And that left with me with a dilemma. Do I keep that promise and finish this draft, making the change in the next round, or do I abandon it and implement the idea now? How do I know that the idea isn’t just my brain trying to keep me from the scary work of getting to the end? What, exactly, should I do?!

I needed a method. Something that engaged with both this gut feeling that I needed to write this new idea into the story right now, and the part of me that knows that finishing this draft is a very important practice to my development as a writer overall. So I came up with this: Evaluate, Mind-Map, Draft.


Evaluate the idea. This probably seems pretty obvious. But when I am in the throws of a TITPOFIA!, it can be really difficult to see it for what it’s actually worth. I need to find a way to step back and look at the idea with a modicum of distance. I started asking it questions and demanding good answers.

Now, to be clear, I’m not talking about the thousand and one ideas that come up when you are writing, like potential costume changes (which, in my WIP, can be changed without causing too many or too large ripples). I’m talking about the ones that feel like, when you are done with them, they will have put your story into a close, but parallel universe: similar but not the same.

My question can be boiled down to three:

  1. Does it increase the stakes?
  2. Will it vastly improve the story overall?
  3. Is it in line with the characters I’ve created?

These questions target what is important so that I can know if I should move forward with the idea now, or write it down somewhere and revisit it later.

Does it increase the stakes? If the idea is simply a different way to tell the same story, to me this indicates that I’m using the idea to avoid telling this story. I’m probably afraid of something, and getting to the bottom of that will be a far better approach to moving forward than changing my whole story for something that doesn’t, in the end, add anything to what I’ve done.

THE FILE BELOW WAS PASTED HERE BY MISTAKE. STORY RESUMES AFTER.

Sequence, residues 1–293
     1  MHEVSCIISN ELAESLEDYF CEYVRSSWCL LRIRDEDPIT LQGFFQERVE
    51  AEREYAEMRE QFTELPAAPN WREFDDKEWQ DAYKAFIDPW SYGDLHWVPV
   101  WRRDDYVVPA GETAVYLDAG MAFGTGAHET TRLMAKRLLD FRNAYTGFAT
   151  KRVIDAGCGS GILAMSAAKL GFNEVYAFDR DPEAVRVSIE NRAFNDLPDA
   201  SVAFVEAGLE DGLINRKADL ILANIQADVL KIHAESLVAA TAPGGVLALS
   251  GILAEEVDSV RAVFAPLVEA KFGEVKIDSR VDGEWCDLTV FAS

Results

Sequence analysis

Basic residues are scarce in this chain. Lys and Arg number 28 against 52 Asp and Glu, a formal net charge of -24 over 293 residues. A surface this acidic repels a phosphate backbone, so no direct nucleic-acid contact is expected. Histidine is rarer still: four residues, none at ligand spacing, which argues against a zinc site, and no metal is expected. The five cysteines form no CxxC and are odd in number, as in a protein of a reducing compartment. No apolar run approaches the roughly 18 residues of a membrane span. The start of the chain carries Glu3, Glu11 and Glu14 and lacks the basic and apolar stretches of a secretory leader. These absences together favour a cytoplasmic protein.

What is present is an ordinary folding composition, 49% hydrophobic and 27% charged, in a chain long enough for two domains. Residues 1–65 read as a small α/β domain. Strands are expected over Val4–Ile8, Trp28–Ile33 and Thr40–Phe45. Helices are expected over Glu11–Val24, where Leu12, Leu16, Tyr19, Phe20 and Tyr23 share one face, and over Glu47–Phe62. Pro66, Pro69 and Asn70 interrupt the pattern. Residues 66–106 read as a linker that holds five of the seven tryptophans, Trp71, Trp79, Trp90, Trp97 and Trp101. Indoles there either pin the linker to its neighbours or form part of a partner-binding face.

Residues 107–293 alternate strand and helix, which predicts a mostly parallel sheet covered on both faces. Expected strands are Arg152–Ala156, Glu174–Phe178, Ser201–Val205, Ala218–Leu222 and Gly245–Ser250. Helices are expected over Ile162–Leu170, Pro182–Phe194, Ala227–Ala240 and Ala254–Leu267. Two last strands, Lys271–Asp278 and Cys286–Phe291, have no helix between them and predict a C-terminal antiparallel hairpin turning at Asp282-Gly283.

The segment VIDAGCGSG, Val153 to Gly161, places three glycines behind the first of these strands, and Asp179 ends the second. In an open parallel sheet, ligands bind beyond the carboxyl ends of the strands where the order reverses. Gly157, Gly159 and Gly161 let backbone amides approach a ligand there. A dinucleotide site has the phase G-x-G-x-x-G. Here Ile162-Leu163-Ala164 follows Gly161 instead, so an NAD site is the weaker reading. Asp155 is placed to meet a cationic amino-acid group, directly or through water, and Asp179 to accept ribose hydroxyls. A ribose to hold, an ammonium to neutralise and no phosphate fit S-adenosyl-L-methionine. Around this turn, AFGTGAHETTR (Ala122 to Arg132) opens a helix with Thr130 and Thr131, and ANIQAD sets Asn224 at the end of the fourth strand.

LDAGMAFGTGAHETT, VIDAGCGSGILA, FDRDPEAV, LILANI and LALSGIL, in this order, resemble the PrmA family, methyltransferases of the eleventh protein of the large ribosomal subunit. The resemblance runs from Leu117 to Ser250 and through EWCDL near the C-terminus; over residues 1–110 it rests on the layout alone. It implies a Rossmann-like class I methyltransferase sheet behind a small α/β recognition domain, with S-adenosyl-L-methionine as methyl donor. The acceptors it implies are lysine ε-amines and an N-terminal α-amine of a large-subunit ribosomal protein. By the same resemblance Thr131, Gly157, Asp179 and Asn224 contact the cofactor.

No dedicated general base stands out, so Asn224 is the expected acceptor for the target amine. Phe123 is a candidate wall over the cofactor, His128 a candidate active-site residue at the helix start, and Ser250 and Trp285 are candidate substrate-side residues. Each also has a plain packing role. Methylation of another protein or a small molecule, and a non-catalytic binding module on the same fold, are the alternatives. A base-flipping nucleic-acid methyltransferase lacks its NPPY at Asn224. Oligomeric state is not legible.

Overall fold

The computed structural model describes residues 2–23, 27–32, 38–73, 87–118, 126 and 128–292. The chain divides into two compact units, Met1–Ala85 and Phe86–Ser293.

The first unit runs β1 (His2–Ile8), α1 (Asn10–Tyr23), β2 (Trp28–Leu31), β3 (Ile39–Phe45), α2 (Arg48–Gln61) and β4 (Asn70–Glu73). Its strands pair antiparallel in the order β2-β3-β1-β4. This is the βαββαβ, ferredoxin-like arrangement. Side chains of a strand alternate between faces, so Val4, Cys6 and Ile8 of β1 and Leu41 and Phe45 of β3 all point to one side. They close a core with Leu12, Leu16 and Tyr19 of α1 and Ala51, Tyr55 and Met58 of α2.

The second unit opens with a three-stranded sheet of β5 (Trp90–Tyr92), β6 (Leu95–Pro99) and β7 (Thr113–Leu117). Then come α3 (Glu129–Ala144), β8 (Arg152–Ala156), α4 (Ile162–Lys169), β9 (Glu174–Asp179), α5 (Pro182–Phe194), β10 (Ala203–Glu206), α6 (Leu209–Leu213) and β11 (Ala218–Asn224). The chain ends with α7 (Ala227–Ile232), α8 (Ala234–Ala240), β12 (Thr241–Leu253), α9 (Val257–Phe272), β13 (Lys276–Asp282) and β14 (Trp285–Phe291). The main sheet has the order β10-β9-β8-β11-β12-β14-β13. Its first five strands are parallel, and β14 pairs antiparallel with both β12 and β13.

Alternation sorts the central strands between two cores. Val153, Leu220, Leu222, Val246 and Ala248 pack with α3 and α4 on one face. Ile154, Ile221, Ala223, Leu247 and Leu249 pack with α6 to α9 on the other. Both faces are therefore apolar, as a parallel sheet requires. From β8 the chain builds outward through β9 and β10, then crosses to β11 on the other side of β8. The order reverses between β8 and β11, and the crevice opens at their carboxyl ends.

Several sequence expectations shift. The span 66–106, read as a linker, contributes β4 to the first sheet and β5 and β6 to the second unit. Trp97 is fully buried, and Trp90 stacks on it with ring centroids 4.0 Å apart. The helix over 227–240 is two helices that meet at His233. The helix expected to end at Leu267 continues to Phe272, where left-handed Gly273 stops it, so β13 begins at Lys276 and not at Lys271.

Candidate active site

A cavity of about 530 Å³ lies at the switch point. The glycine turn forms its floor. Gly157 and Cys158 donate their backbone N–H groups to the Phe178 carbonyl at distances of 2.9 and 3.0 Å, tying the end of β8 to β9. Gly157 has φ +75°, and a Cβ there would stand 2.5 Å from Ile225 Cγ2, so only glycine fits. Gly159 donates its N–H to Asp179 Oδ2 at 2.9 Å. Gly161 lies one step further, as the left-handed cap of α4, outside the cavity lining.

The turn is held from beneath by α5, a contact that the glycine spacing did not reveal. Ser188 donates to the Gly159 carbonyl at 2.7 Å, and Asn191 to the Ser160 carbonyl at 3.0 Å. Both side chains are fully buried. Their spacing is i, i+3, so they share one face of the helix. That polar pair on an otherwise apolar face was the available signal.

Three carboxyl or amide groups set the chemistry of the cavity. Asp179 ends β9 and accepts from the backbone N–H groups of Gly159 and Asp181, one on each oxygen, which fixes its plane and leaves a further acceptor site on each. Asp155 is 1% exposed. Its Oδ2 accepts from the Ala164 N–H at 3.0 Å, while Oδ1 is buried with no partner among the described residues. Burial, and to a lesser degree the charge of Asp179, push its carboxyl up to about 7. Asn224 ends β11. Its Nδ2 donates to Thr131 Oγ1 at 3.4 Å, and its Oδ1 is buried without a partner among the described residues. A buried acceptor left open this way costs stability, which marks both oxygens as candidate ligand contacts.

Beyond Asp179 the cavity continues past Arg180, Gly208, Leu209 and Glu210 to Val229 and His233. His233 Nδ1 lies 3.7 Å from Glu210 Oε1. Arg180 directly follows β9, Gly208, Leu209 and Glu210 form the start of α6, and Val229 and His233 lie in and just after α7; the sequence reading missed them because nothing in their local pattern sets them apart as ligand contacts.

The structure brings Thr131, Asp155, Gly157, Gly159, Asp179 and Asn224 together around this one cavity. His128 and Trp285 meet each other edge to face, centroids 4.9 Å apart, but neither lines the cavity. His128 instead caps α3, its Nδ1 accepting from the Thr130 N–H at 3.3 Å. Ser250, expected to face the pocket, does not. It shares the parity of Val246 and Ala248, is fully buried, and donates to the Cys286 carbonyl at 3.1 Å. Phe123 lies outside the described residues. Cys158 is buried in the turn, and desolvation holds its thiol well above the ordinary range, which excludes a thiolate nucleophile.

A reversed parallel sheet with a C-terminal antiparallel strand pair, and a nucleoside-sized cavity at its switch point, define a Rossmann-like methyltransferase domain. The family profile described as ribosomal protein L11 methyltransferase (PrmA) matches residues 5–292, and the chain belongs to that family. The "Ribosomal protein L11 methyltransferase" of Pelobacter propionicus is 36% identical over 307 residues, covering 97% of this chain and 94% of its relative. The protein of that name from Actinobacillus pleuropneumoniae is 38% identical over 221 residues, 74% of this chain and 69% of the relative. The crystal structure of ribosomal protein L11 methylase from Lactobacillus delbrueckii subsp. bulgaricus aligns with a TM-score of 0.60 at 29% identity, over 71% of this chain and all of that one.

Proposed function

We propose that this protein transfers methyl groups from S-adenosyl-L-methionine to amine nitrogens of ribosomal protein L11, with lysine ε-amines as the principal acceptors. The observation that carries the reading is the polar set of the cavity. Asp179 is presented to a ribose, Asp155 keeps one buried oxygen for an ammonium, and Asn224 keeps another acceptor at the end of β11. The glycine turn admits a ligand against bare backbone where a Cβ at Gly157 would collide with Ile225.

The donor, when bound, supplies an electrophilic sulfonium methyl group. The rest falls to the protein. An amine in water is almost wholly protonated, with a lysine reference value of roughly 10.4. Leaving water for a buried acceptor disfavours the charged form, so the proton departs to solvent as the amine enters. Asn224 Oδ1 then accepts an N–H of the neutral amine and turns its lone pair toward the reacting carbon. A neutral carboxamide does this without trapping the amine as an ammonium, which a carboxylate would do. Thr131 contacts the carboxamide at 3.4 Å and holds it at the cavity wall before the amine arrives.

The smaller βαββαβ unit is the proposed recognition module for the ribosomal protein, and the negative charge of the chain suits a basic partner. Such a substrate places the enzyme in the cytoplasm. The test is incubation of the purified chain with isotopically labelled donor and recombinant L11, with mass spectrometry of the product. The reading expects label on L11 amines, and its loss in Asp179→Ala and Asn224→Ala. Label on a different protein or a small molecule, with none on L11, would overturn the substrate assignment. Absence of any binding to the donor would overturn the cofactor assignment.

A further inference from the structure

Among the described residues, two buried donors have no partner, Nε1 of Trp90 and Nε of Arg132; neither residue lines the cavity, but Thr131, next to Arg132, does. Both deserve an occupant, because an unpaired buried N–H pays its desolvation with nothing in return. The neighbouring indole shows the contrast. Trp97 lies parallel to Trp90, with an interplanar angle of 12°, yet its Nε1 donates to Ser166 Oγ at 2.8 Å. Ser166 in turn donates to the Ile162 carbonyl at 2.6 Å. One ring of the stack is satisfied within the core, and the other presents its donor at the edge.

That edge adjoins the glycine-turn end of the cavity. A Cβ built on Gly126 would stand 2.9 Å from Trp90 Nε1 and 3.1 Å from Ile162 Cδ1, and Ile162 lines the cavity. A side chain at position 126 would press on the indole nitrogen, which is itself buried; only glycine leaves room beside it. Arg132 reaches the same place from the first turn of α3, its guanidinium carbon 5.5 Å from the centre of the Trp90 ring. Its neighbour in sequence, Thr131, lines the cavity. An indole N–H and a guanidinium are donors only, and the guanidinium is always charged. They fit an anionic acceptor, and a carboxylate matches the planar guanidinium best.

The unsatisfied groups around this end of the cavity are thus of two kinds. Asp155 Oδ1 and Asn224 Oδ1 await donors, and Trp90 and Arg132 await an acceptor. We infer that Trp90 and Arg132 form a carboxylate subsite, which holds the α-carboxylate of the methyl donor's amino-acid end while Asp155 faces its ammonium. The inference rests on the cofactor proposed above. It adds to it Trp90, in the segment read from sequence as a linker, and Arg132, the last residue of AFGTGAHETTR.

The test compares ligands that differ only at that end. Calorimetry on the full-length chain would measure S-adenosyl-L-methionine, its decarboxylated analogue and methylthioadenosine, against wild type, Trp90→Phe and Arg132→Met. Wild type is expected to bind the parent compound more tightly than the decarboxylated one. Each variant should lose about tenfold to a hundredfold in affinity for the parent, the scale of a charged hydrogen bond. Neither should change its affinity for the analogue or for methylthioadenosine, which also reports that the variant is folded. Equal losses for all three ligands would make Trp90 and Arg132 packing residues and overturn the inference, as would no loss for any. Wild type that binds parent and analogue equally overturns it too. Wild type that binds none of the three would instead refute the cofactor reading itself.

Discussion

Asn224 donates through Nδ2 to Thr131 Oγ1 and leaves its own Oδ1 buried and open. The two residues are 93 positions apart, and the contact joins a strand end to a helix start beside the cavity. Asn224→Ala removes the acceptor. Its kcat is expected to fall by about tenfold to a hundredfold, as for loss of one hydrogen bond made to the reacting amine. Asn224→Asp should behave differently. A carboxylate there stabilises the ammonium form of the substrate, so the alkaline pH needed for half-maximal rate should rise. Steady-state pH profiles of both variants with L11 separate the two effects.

On the other hand, if it increases the stakes, then continuing to evaluate the idea makes sense. The stakes your characters face are the sustenance of the story, so an idea that will increase this is probably worth the effort to make all of the changes it requires.

Will it vastly improve the story overall? I’ll leave to you what “vastly” means in the context of your story, but for me, I want to know that this idea isn’t going to improve only a scene or two. If that’s the case, I can save it for later and implement in the next round of edits if it still makes sense to make the change. But if it’s going to require story-wide changes that also make the story better, then I’d be willing to break my promise to myself and rework the story now.

Is it in line with the characters I’ve created? This question is my gut check that this idea isn’t for another story. If my idea is going to radically change the “who” of my story, then I’m pretty sure that I’m trying to start a new story in the middle of the one I’m actually working on. New ideas are great! I get so many while I’m writing. They go on a list, and I might play with them for a little every night before I go to bed, but they are not my work in progress. This is another way that my fear can hide in plain sight and pretend to be in service of the story when it’s actually distracting me from it. Like with the stakes question, it will be better for me to address that fear head on now.